Patients who met the Diagnostic and Statistical Manual of Mental Disorders-IV criteria for AD11 and the National Institute of Neurologic and Communicative Disorders and Stroke-AD and Related Disorders Association criteria for probable AD12 were prospectively recruited at Incheon St. Mary's Hospital (Incheon, South Korea). Patients did not use acetylcholinesterase inhibitor or other cognitive-enhancers due to side effects or patient refusal. Exclusion criteria were: history of head trauma, epilepsy, stroke, mixed or vascular dementia, radiological findings on magnetic resonance imaging (MRI), and other neurological or psychiatric disorders.

All patients were treated with ALC at 1.5 g/day for 1.4±0.3 years. Safety assessments included adverse events, physical examinations, vital signs, electrocardiography, and laboratory tests. Written informed consent was obtained from all participants. The study protocol was approved by the Research Ethics Committee of Incheon St. Mary's Hospital.

Clinical assessment

Evaluation of medical history and physical examinations were conducted by board-certified neurologists. Clinical Dementia Rating (CDR),13 CDR-Sum of Boxes (CDR-SB), and Global Deterioration Scale (GDS)14 were used to examine the overall severity of dementia and functional status. Global cognitive performance and neuropsychiatric symptoms were evaluated with Mini-Mental State Examination (MMSE)15 and Neuropsychiatric Inventory (NPI),16 respectively.

Image acquisition and analysis

Brain perfusion SPECT scans were conducted with a dual-head gamma camera (Discovery NM640; GE Healthcare, Milwaukee, WI, USA) at baseline and follow-up. An intravenous administration of 1110 MBq of technetium-99m hexamethylpropylene amine oxime was performed for each participant at 40 minutes before the scan in a dark and quiet room. All images were attenuation corrected and reconstructed in 128×128 matrices with a voxel size of 3.9×3.9×3.9 mm3 using filtered back projection.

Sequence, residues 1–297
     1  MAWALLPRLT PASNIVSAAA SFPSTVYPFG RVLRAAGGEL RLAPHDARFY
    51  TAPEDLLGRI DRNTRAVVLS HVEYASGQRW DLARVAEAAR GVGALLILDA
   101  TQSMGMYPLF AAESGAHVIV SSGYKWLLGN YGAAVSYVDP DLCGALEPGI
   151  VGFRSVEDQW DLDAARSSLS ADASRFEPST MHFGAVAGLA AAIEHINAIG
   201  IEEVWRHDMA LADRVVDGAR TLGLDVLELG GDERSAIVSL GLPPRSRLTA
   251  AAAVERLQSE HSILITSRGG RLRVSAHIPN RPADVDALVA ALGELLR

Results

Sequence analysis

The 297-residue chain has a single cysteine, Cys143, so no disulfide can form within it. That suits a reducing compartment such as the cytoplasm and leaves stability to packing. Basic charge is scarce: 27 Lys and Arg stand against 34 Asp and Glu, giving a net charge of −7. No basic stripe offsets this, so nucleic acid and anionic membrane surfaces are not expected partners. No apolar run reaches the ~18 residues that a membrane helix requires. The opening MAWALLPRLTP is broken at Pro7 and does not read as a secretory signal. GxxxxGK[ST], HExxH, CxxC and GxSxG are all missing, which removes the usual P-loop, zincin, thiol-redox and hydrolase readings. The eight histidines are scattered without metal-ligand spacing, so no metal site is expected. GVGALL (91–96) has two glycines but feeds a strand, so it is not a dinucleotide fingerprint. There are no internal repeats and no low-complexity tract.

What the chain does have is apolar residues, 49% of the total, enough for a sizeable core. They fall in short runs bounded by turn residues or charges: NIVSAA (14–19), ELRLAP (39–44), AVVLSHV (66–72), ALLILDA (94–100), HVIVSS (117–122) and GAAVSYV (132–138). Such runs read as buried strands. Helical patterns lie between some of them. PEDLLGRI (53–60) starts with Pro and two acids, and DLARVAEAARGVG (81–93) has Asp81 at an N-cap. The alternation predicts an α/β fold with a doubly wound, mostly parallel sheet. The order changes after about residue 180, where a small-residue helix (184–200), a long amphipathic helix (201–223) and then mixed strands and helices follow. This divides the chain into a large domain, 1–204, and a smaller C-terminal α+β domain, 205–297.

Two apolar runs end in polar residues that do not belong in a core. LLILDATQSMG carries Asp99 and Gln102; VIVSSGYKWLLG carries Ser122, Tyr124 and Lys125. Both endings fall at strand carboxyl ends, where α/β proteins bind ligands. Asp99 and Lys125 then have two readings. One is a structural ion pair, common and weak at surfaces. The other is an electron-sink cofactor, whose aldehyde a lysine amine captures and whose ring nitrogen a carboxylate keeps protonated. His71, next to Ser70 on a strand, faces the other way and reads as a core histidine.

Statistical Parametric Mapping 12 (SPM; Wellcome Department of Cognitive Neurology, Institute of Neurology, London, UK) was used for image analysis and statistical modelling. For each patient, baseline and follow-up images were realigned to create a single mean image. Realigned images were spatially normalized to SPM SPECT template (Montreal Neurological Institute, McGill University, Montreal, Canada) using transformation parameters estimated from the mean image. All images were then resliced with a voxel size of 2×2×2 mm3 and smoothed with a 12 mm full-width half-maximum isotropic Gaussian kernel. A voxel-wise paired t-test was conducted to examine changes in rCBF between baseline and follow-up. Perfusion values were normalized to those of the cerebellum using automated anatomical labeling atlas.17, 18, 19 A voxel-level threshold of p<0.005 with a cluster size threshold of 150 contiguous voxels was applied.

Statistical analysis